• Integration with other IT controls: While data integration extends beyond perimeter defense systems, consider integrate with data scanning systems. Antivirus protects your network from malware from incoming files and Data Loss Prevention (DLP) stops protected data from leaving.
  • End-point access to data integration services: There are more constituents than ever that participate in data exchange. Each has unique needs and likely require one or more of the following services:
    • Secure file transfer from any device or platform
    • Access status of data movement to manage Service Level Agreements (SLAs)
    • Schedule or monitor pre-defined automated transfer activities
  • Access control: With the growing number of participants including those outside the company it’s more important then ever to carefully manage access with role-based security.  Ensuring each have appropriate access to the required data and services.
  • File transfer automation: Automation can eliminate misdirected transfers by employees and external access to the trusted network.  Using a file transfer automation tool can also can significantly reduce IT administration time and backlog for business integration process enhancement requests.

Become Privacy Safe Starting with This Webinar

Protecting PHI within the healthcare system doesn’t have to be painful for hospital administrators or doctors to appropriately access PHI, but it does mean having the right technology and good training in place. And in honor of Data Privacy Day, don’t you want to tell your customers that their data is safe? You will be one step closer by signing up to tomorrow’s live webinar.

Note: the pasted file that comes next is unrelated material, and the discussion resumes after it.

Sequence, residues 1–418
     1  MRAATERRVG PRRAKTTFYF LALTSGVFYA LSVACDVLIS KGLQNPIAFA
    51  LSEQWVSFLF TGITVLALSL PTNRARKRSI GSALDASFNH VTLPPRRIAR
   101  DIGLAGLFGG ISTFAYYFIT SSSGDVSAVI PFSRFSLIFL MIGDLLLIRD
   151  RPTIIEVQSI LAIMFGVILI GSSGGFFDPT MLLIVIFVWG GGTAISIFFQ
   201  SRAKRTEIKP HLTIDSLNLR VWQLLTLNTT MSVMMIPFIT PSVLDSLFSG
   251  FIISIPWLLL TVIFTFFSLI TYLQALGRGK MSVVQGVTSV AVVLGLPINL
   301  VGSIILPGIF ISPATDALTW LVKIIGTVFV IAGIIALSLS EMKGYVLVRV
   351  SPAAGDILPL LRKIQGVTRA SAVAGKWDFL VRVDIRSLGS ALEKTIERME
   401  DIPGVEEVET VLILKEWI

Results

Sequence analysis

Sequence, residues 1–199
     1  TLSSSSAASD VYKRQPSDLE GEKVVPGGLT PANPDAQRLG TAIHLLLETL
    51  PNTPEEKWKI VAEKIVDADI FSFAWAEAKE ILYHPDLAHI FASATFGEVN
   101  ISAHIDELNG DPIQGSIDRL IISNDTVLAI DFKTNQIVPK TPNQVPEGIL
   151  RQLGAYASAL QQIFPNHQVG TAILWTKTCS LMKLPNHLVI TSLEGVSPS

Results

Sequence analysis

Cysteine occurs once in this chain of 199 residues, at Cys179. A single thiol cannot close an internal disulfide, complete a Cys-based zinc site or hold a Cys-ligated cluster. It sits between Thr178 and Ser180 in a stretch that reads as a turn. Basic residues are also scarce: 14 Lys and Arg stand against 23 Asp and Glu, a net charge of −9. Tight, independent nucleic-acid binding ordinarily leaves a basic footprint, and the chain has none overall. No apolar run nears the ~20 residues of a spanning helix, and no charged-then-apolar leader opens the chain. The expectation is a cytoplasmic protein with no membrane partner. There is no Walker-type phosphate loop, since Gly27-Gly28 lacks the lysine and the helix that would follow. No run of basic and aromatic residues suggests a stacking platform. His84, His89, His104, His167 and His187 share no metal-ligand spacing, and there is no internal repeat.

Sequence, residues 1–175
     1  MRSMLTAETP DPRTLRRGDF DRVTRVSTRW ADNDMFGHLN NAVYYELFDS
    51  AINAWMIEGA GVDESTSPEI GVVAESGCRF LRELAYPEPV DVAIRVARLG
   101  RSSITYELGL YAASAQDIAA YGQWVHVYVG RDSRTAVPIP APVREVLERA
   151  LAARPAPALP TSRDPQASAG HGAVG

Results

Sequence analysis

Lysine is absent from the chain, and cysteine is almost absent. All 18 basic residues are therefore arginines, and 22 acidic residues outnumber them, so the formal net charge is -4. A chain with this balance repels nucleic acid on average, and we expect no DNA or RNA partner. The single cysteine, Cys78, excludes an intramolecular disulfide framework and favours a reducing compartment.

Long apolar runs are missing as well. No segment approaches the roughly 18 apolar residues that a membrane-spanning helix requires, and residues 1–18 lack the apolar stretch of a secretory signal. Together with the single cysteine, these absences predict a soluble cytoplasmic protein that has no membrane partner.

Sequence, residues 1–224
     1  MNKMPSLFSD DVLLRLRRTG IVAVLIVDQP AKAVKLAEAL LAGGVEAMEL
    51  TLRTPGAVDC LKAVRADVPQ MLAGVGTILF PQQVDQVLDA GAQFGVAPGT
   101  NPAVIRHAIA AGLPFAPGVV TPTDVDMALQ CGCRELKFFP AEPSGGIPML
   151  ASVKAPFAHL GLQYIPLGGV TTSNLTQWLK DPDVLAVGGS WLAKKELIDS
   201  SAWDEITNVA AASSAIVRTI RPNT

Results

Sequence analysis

Learn how you can implement health data privacy controls to secure your healthcare data >> Register Here

For more on this topic register to hear David Lacey, former CISO, security expert, and who drafted original text behind ISO 27001, speak about implementing HIPAA and other healthcare security controls with a managed file transfer solution.

Security concept: Cctv Camera on digital backgroundThe battle over privacy vs. security is a constant reminder of not just how far the Web has taken us, but how far we have to go to agree on its public usage. On one side you have an army of users who trust you — or aren’t aware they are trusting you — with the sensitive information on their machines. On the other side is an ever-looming governmental presence, which seeks access to users’ data in an effort to protect a much larger set of interests.

How are we to hold these two sides in perfect balance? Is there a perfect balance? Well, yes and no. Bear with me.

Do You Feel Lucky?

Well, do ya? While you may never know the full extent to which the government has “collected” private-sector information, it’s a fair bet that the figure would be humbling. And whether or not you deem this practice justified, surely the rest of the workplace assumes their private information remains just that with support’s help. With this in mind, it’s a good idea to ask yourself, barring the hands you can’t slap away: “Am I actively protecting staff’s privacy?”

As you formulate a response, think about how your staff might react if they found out their privacy had been compromised. Would they — or more likely, their lawyer — see the security measures you do have in place and frown upon them? How about if your own privacy was on the line (and it is)?

Not Where, But How You Draw the Line

It’s important to remember that the fine line you draw between privacy and security isn’t universal. In fact it often isn’t even straight, according to Chris Ellis, former data security officer for a government security contractor and current consultant for all things cybersecurity.